• It’s a good stop for kids of various ages. Young ones will enjoy the Littlewoods area, designated specifically for those 4 and under. Older children can take on the challenge of writing their name upside down with only a mirror to guide them.
  • There are no food or drinks available on premises. You are permitted to bring your own, but need to enjoy them in the designated lunchroom area.

Connecticut

In Connecticut, we definitely wanted to take Cassidy to the Mystic Aquarium. Matthew and I were here a few years ago for our first trip through these states. But it was a whole new experience with a toddler. Like most kids, she loves looking around to find camouflaged garden eels and staring in wonder at the large tanks of colorful fish.

mystic-aquarium.jpg

There were beluga whales, sea lions, and seals that provided plenty of entertainment. Touch tanks with stingrays splashing water, sharks, and squishy whelk shells proved to be pretty amusing too. We spent a fair amount of time walking on the boardwalk over the swampy marshlands, counting how many frogs and turtles we could spot. But Cassidy’s favorite was certainly the penguins. We came back to their area a few times to check out their waddling and sunbathing, then moved into the underwater viewing area to watch them quickly zip by.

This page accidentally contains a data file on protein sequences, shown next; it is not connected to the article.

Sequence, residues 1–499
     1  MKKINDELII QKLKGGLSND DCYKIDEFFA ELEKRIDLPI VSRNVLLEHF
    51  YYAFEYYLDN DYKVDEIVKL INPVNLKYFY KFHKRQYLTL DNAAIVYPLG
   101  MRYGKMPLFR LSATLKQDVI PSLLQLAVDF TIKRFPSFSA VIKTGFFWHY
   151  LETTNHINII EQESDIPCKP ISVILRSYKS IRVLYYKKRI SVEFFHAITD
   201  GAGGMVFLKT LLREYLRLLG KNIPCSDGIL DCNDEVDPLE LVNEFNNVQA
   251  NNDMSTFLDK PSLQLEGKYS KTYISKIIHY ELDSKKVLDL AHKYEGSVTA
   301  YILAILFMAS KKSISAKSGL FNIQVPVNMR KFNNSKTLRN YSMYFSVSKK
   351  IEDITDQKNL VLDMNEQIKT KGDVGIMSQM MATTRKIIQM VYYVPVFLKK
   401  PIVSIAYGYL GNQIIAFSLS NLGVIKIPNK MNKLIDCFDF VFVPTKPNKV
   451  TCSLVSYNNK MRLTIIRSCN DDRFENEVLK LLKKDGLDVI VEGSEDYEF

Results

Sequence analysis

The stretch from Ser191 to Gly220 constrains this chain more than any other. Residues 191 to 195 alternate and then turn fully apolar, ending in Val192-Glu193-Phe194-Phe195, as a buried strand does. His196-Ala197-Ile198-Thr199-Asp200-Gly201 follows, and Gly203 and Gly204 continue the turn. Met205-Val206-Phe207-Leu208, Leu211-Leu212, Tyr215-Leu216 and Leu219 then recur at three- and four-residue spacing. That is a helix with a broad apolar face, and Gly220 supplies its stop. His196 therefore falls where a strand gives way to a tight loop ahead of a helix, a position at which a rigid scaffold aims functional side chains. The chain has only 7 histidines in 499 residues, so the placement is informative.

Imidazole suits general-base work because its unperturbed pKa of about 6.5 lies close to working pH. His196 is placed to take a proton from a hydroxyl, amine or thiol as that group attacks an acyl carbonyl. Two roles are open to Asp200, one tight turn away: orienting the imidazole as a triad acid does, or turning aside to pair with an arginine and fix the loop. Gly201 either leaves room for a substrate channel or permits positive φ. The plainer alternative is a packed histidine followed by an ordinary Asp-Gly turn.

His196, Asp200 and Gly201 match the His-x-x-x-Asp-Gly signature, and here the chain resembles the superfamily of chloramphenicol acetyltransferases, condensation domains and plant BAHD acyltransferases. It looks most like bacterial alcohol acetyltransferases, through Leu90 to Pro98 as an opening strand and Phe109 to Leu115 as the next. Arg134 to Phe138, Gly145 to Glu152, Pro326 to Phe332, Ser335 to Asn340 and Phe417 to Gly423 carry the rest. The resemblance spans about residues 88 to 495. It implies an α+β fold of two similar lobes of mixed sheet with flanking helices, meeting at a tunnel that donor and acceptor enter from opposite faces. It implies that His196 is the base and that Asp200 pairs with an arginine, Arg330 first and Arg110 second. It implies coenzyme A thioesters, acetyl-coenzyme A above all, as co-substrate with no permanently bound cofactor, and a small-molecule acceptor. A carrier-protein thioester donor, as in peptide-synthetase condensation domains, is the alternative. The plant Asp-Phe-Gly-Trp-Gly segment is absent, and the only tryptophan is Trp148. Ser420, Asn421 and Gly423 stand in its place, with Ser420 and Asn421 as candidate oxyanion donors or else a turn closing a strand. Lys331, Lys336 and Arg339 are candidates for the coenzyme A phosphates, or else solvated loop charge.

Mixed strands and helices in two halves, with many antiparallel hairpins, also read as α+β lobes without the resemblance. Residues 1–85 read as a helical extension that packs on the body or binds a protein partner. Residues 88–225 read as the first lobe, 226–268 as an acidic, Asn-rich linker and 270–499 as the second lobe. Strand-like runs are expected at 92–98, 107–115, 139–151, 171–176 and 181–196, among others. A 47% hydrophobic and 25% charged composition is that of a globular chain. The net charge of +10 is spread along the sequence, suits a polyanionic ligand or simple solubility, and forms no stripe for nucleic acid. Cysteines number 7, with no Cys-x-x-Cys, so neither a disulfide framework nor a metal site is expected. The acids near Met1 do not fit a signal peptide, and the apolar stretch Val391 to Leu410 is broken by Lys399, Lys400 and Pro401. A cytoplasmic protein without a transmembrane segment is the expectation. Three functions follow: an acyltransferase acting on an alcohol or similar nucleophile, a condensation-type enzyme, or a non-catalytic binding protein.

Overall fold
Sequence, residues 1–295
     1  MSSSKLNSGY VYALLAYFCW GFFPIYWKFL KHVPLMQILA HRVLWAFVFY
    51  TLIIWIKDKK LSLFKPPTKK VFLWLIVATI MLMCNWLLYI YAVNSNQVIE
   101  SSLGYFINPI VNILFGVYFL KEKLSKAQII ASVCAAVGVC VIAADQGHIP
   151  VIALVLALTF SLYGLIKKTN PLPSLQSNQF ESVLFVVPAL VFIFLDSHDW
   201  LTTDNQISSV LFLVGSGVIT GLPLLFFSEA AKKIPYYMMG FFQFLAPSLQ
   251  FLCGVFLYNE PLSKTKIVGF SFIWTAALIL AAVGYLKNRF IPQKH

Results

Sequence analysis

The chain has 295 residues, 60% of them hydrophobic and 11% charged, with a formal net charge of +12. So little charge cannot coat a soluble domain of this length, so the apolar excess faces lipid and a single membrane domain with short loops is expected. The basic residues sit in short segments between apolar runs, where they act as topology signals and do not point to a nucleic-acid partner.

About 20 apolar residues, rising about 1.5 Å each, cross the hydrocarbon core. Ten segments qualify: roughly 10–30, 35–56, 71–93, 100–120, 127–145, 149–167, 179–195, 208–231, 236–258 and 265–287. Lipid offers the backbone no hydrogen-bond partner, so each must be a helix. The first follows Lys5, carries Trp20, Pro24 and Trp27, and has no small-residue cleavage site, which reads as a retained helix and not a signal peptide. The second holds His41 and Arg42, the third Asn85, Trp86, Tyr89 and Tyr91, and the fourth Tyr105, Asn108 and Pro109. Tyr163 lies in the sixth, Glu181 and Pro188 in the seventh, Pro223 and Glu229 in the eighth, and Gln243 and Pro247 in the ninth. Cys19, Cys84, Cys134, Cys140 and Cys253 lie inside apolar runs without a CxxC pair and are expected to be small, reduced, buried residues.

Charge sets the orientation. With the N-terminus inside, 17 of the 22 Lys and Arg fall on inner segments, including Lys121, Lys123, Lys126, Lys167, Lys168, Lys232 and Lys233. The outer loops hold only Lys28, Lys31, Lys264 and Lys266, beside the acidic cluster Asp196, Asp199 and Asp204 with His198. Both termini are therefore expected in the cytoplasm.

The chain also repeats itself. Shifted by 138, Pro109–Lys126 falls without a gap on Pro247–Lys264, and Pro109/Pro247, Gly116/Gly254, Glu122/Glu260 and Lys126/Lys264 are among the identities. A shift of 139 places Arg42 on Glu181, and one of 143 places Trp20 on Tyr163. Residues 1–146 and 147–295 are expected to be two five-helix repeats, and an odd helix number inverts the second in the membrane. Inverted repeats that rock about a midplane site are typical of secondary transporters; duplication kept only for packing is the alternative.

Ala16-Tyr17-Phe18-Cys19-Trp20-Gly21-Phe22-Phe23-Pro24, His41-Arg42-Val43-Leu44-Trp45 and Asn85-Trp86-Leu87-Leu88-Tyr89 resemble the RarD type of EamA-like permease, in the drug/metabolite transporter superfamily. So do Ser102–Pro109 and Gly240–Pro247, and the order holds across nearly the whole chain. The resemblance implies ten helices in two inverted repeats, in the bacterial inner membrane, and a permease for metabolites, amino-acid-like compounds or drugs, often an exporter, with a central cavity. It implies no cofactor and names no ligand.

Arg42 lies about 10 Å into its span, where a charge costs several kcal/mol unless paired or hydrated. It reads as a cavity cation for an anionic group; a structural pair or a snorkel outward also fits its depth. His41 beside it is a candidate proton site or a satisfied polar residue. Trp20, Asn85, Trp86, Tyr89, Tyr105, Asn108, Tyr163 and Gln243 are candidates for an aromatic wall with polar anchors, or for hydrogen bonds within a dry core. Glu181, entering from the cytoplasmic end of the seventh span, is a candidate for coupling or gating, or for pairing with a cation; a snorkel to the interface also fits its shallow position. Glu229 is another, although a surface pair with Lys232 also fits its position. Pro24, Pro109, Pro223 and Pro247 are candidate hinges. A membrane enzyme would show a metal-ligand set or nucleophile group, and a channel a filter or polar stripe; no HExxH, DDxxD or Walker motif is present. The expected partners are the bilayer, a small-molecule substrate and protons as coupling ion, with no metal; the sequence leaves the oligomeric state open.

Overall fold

After we were aquarium-ed out, we made one more stop before home: the Pez factory in Orange, Connecticut. It was so bright, colorful, and full of recognizable characters to spot like Mickey, Darth Vader, and Elsa. There’s even a scavenger hunt challenge that takes you through the museum and store in search of specific Pez dispensers. Cassidy enjoyed looking around for the seven dwarves from Snow White in our hunt. And you even get a free dispenser for completing the challenge! It was the perfect stop to stretch our legs before making the final leg of travel back home.